ABC TV PLUS (22) 6am Children’s Programs. 7.10pm Grace’s Amazing Machines. 7.30 Anh’s Brush With Fame. 8.00 Art Works. 8.30 River. 9.40 Talking Heads. 10.25 Everyone’s A Critic. 10.50 Louis Theroux: Gambling In Las Vegas. 11.55 Murder 24/7. 12.55am The Games. 1.20 Diary Of An Uber Driver. 1.45 ABC News Update. 1.50 Close. 5.00 Clangers. 5.15 Hoot Hoot Go! 5.20 Sarah & Duck. 5.30 Late Programs.

SBS VICELAND (31) 6am WorldWatch. 8.40 Alone. 9.30 Shortland St. 11.00 Letterkenny. Noon Alcatraz: The Search For The Truth. 1.30 WorldWatch. 2.00 Cycling. Tour de France. Replay. 4.00 Lee Lin Chin’s Fashionista. 4.15 WorldWatch. 5.15 Shortland St. 5.45 Joy Of Painting. 6.15 Forged In Fire. 7.05 Jeopardy! 7.35 8 Out Of 10 Cats. 8.30 Celebrity Letters And Numbers. 9.35 Shoresy. (Final) 10.10 Late Programs.

7TWO (72)

6am Home Shopping. 6.30 Travel Oz. 8.00 Harry’s Practice. 8.30 Million Dollar Minute. 9.30 NBC Today. Noon Inside The Crown: Secrets Of The Royals. 1.00 Million Dollar Minute. 2.00 Sydney Weekender. 2.30 Sons And Daughters. 4.30 Emmerdale. 5.00 Coronation Street. 5.30 Escape To The Country. 6.30 Bargain Hunt. 7.30 Heartbeat. 8.30 Lewis. 10.30 Frankie Drake Mysteries. 11.30 Late Programs.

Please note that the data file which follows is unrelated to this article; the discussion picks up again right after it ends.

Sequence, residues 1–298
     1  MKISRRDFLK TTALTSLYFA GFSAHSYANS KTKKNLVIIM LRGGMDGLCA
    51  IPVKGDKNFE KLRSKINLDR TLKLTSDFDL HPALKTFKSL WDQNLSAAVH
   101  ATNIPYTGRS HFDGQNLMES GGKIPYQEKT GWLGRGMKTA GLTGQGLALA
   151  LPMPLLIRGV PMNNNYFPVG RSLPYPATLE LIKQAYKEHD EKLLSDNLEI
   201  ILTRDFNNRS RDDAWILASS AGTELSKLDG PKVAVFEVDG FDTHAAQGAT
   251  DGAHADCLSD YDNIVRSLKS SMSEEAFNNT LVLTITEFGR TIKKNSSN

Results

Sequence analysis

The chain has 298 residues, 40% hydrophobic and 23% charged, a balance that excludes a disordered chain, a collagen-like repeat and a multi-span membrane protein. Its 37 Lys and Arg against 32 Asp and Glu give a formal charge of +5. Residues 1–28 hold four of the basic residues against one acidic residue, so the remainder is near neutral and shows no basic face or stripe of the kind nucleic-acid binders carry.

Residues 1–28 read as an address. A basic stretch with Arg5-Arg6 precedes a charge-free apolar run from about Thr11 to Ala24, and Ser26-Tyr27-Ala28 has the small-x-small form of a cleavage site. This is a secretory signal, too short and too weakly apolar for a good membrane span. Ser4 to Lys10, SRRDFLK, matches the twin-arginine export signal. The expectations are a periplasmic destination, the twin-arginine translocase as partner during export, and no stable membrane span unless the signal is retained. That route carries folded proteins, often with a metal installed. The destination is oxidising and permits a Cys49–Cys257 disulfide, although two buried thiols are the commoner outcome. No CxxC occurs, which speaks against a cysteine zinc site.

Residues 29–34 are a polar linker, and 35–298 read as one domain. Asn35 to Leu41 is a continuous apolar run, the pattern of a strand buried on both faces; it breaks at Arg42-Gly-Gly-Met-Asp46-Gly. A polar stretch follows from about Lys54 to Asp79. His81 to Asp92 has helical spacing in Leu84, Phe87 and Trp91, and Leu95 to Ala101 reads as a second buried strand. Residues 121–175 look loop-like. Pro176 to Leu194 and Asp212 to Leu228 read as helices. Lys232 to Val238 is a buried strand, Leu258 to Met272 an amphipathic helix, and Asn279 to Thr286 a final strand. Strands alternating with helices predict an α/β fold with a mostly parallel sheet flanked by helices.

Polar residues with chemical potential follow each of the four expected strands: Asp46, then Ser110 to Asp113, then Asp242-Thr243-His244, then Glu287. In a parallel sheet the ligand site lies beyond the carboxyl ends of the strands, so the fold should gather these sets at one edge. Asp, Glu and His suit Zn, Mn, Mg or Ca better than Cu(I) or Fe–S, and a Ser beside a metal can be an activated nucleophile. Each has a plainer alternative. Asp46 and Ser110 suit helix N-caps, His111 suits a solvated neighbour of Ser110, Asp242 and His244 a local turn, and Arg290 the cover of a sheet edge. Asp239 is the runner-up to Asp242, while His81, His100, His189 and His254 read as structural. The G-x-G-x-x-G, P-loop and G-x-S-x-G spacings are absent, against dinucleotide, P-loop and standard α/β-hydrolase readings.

9GEM (92) 6am TV Shop. 7.00 Creflo. 7.30 TV Shop. 10.30 Pointless. 11.30 My Favorite Martian. Noon Australia’s Top Ten Of Everything. 1.00 The Young And The Restless. 2.00 Great Barrier Reef: A Living Treasure. 3.00 Antiques Roadshow. 3.30 MOVIE: Geordie. (1955) 5.30 Murder, She Wrote. 6.30 Antiques Roadshow. 7.30 As Time Goes By. 8.50 Midsomer Murders. 11.00 Late Programs.

10 PEACH (11) 6am The Late Show With Stephen Colbert. 7.00 The Big Bang Theory. 8.00 The King Of Queens. 9.00 Becker. 10.00 The Middle. 11.00 The Unicorn. 1pm Frasier. 2.00 Becker. 3.00 The King Of Queens. 4.00 Becker. 5.00 Frasier. 6.00 Friends. 6.30 Neighbours. 7.30 Friends. 8.00 The Big Bang Theory. 11.05 Frasier. Midnight Shopping. 1.30 Stephen Colbert. 2.30 Late Programs.

NITV (34)

SBS WORLD MOVIES (32) 6am

7MATE (73)

9GO! (93) 6am Children’s Programs. Noon The Six Million Dollar Man. 1.00 Buck Rogers. (Premiere) 2.00 SeaQuest 2032. 3.00 The Nanny. 3.30 3rd Rock. 4.00 That ’70s Show. 4.30 Raymond. 5.30 The Nanny. 6.00 3rd Rock. 6.30 That ’70s Show. 7.00 Young Sheldon. 7.30 MOVIE: Sully. (2016, M) 9.30 MOVIE: World Trade Center. (2006, M) Midnight 90 Day Fiancé: Before The 90 Days. 1.00 Love After Lockup. 2.00 Late Programs.